I come now, sir, to consider that part of the Constitution which fixes the number of representatives. It is first necessary for us to establish what the number of representatives is to be. At present it only consists of sixty-five; but let us consider that it is only to continue at that number till the actual enumeration shall be made, which is to be within three years after the first meeting of Congress; and that the number of representatives will be ascertained, and the proportion of taxes fixed, within every subsequent term of ten years. Till this enumeration be made, Congress will have no power to lay direct taxes: as there is no provision for this purpose, Congress cannot impose it; as direct taxation and representation are to be regulated by the enumeration there directed, therefore they have no power of laying direct taxes till the enumeration be actually made. I conceive no apportionment can be made before this enumeration, there being no certain data to go on. When the enumeration shall be made, what will be the consequence? I conceive there will be always one for every thirty thousand. Many reasons concur to lead me to this conclusion. By the Constitution, the allotment now made will only continue till the enumeration be made; and as a new enumeration will take place every ten years, I take it for granted that the number of representatives will be increased, according to the progressive increase of population, at every respective enumeration; and one for every thirty thousand will amount to one hundred representatives, if we compute the number of inhabitants to be only three millions in the United States, which is a very moderate calculation. The first intention was only to have one for every forty thousand, which was afterwards estimated to be too few, and, according to this proportion, the present temporary {12} number is fixed; but as it now stands, we readily see that the proportion of representatives is sufficiently numerous to answer every purpose of federal legislation, and even soon to gratify those who wish for the greatest number. I take it that the number of representatives will be proportioned to the highest number we are entitled to; and that it never will be less than one for every thirty thousand. I formed this conclusion from the situation of those who will be our representatives. They are all chosen for two years; at the and end of which term they are to depend on the people for their reëlection. This dependence will lead them to a due and faithful discharge of their duty to their constituents: the augmentation of their number will conciliate the affections of the people at large; for the more the representatives increase in number, the greater the influence of the people in the government, and the greater the chance of reëlection to the representatives.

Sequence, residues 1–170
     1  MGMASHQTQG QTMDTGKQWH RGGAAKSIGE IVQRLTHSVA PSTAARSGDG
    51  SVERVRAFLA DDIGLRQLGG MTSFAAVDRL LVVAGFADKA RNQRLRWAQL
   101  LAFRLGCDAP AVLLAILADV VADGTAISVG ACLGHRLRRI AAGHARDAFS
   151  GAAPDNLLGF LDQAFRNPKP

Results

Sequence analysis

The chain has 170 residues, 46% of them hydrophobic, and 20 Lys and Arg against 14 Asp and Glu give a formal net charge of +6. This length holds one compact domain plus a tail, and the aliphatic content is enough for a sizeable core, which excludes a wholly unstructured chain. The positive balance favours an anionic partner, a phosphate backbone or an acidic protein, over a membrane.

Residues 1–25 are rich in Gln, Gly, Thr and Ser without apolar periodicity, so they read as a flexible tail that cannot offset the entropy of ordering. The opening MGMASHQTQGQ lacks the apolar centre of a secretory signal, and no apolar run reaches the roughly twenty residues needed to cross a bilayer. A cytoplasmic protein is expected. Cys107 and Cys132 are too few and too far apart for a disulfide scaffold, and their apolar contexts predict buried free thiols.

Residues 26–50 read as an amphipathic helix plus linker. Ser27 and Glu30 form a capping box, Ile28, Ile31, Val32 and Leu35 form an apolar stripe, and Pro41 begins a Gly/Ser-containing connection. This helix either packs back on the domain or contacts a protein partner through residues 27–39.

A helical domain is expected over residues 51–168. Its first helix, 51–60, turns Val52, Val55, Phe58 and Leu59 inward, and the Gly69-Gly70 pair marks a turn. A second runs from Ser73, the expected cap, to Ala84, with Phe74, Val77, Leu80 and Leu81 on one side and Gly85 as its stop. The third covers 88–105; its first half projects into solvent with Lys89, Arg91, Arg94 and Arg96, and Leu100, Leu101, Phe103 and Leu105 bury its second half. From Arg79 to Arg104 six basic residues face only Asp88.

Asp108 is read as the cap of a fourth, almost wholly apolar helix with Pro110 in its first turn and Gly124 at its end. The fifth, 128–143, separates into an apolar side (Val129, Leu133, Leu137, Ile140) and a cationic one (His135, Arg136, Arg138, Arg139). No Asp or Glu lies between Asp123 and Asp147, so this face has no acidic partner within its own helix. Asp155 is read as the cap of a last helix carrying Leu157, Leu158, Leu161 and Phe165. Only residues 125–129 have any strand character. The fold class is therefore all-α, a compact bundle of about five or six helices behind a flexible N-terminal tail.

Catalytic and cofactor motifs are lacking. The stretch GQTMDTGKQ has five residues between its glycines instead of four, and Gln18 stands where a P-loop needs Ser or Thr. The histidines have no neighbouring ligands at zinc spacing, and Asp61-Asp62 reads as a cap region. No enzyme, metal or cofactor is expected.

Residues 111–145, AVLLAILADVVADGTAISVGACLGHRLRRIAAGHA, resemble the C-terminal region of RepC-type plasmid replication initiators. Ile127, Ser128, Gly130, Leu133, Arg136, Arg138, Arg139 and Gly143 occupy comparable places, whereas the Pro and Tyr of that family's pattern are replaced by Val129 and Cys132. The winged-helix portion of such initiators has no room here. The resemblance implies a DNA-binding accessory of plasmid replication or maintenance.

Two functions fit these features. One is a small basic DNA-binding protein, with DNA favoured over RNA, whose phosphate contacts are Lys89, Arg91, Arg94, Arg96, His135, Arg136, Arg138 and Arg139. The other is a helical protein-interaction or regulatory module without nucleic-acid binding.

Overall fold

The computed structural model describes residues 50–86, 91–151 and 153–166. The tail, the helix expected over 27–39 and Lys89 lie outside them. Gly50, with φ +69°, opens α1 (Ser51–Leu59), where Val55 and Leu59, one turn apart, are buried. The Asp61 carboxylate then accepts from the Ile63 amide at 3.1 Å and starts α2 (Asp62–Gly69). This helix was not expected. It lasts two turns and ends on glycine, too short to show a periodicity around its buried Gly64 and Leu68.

But it has been said, that the Senate will not agree to any augmentation of the number of representatives. The Constitution will entitle the House of Representatives to demand it. Would the Senate venture to stand out against them? I think they would not, sir. Were they ready to recede from the evident sense of the Constitution, and grasp at power not thereby given them, they would be compelled to desist. But, that I may not be charged with urging suppositions, let us see what ground this stands upon, and whether there be any real danger to be apprehended. The first objection that I shall consider is, that, by paucity of numbers, they will be more liable to depart from their duty, and more subject to influence. I apprehend that the fewer the number of representatives, the freer the choice, and the greater the number of electors, the less liable to the unworthy acts of the candidates will they be; and thus their suffrage, being free, will probably fall on men of the most merit. The practice of that country, which is situated more like America than any other country in the world, will justify this supposition. The British House of Commons consists, I believe, of five hundred and fifty-eight members; yet the greater number of these are supposed to be under the undue influence of the crown. A single fact from the British history illustrates these observations, — viz., that there is scarcely an instance, for a century past, of the crown's exercising its undoubted prerogative of rejecting a bill sent up to it by the {13} two houses of Parliament: it is no answer to say, that the king's influence is sufficient to prevent any obnoxious bills passing the two houses; there are many instances, in that period, not only of bills passing the two houses, but even receiving the royal assent, contrary to the private wish and inclination of the prince.